Leaving the Scene of an Accident: What Happens If You Hit and Run

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 Is It Against the Law to Leave the Scene of an Accident?

Also known as “hit and run,” leaving the scene of an accident is a crime. You can be charged with leaving the scene if you hit another vehicle, pedestrian, object, or piece of property and then drive away.

Only the driver of the vehicle can be charged with leaving the scene of an accident. However, in some states, a passenger in a vehicle involved in an accident where the driver left the scene can face consequences if they fail to report the accident within the required amount of time. For example, in Virginia a passenger has 24 hours to report the accident or face criminal charges.

There are some circumstances where it is okay to leave the scene. For example, you might need to leave the immediate scene because staying would be dangerous, such as when there is a risk of fire or an explosion. It might also be necessary to leave so that you can get help or contact emergency services.

Bystanders or witnesses to the accident are not required by law to remain at the scene. While you may stay to call for help or to provide first aid, you are also free to leave.

What is the Difference Between Misdemeanor and Felony Hit and Run?

Leaving the scene of an accident can be a felony or a misdemeanor. Generally a hit and run is a felony whenever there has been an injury to a person. That person might be a pedestrian or an occupant in the other vehicle. Depending on the state where the hit and run occurred, it might also be a felony if there was more than $1,000 worth of property damage.

A hit and run is a misdemeanor when there is only minor property damage, such as damage to the other vehicle. This is common in parking lots. If you hit a car in a parking lot and cause damage, you can be charged with a misdemeanor if you leave the scene and do not leave your information for the owner of the other vehicle.

If the driver was committing another crime at the time of the accident, they can be charged for both offenses. For example, a driver who was drunk and then left the scene of the accident can be charged with driving under the influence (DUI) and hit and run. Both charges carry their own separate penalties.

A driver who was driving under the influence or speeding and leaves the scene may also face additional charges. These may include reckless driving or vehicular homicide if the victim of the hit and run does not survive. Factors such as speeding or drunk driving may lead to harsher punishments because the judge can use them as aggravating factors when deciding on the appropriate sentence.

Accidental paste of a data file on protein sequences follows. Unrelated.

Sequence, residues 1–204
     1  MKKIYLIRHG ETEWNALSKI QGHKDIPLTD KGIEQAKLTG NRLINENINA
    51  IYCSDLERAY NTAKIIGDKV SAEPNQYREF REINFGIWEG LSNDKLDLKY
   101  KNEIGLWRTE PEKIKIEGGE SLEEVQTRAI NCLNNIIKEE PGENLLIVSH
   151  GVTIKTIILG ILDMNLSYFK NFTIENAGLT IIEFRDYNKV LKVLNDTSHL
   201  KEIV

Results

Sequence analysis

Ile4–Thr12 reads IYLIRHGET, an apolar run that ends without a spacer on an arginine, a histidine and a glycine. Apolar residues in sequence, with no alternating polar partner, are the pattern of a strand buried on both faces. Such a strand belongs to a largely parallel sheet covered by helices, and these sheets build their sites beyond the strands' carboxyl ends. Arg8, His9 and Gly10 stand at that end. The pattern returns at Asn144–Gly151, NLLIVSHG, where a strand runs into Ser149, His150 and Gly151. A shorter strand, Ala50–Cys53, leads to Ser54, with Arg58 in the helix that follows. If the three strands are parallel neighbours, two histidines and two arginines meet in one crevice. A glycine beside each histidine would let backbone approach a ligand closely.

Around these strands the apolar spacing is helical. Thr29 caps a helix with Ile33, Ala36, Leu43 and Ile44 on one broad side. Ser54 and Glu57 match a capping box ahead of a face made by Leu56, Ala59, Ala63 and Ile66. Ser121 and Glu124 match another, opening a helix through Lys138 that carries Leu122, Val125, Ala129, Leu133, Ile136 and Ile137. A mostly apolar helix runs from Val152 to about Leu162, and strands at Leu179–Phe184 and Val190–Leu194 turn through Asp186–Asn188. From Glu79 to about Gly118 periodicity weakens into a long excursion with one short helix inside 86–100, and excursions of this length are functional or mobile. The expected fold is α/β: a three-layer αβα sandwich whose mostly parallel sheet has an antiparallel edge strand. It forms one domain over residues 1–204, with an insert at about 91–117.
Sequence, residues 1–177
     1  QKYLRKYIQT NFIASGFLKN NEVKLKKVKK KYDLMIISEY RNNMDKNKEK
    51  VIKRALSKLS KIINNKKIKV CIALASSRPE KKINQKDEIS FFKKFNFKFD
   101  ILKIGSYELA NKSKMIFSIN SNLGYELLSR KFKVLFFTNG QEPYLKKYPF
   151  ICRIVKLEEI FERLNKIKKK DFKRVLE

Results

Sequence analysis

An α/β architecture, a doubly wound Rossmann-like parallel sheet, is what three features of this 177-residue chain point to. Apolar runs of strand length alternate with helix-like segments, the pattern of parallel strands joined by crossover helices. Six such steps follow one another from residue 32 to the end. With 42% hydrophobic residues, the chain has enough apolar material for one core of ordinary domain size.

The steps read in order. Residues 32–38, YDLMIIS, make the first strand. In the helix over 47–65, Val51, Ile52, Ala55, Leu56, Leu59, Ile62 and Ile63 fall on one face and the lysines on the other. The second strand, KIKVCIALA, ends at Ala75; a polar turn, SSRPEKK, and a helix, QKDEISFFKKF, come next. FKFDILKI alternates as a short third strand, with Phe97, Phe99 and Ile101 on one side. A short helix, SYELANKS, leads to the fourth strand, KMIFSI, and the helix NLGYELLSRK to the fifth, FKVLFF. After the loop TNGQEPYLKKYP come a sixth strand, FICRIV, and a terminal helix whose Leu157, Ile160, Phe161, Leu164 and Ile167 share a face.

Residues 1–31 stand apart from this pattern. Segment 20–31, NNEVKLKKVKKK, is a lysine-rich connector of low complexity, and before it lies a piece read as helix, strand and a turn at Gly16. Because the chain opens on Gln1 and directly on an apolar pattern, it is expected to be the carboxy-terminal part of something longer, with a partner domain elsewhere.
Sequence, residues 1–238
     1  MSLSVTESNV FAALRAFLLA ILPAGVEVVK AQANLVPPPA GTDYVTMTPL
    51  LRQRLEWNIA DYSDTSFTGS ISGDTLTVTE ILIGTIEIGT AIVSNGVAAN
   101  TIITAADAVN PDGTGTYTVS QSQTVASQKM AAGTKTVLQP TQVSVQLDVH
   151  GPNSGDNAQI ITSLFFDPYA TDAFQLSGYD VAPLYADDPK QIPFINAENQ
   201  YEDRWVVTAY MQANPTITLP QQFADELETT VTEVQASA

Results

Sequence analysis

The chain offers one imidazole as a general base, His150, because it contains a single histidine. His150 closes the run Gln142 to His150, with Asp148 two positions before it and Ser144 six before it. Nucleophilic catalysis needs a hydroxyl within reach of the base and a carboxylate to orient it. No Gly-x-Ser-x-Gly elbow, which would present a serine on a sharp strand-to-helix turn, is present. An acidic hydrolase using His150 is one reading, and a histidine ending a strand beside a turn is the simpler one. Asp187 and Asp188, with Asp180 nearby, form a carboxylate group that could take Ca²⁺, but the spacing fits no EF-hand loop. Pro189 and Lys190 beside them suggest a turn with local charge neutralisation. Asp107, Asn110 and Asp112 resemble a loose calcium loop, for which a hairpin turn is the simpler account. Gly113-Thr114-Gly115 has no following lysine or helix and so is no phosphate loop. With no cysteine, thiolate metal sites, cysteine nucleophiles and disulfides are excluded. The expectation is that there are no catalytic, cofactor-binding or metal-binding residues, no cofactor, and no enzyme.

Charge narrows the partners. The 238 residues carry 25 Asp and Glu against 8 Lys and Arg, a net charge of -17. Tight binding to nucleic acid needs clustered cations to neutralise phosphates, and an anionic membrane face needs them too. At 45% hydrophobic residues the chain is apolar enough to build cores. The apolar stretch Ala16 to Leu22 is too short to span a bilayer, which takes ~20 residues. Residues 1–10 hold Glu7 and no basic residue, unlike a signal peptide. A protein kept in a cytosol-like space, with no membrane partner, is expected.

What are the Legal Consequences for a Hit and Run?

The consequences for a hit and run depend on whether the crime is a felony or a misdemeanor. The exact punishments vary from state to state. In most states the punishment for misdemeanor hit and run is a fine, however it may include up to one year in jail.

The consequences for felony hit and run are more severe. The punishment will likely include both a significant fine and jail time. A hit and run that results in the death of the victim can carry its own penalty of up to ten years in jail in some states.

In most states leaving the scene of an accident, whether it is a misdemeanor or a felony, will also result in the driver losing their license for a period of time. The suspension or revocation may be anywhere from a few months to a few years depending on the laws of the state where the accident occurred.

In addition to the legal consequences, if you are found guilty of leaving the scene of an accident it is also very likely that your insurance company will increase your automobile insurance rates. Losing your license will also impact your ability to find or keep employment that requires driving.

Can You Be Sued for a Hit and Run?

Anytime you are involved in a vehicle accident there is a possibility that you will be sued by the other driver or property owner for damages. If you leave the scene of the accident the civil penalties could be more severe as well.

The victim may ask for damages to compensate them for medical bills, property damage, and lost wages. If the defendant left the scene of the accident the victim is more likely to also recover punitive damages. These are damages that are meant to punish the defendant. Even if the damage inflicted on the victim or their property was an accident, the driver left the scene intentionally. The court will punish the defendant by imposing punitive damages.

Do I Need a Lawyer If I Committed a Hit and Run?

If you are charged with hit and run you should contact a criminal defense attorney to discuss your options and possible defenses.The consequences for hit and run can be severe and long term. An experienced attorney can help you understand the potential penalties for leaving the scene of an accident and represent you in court.

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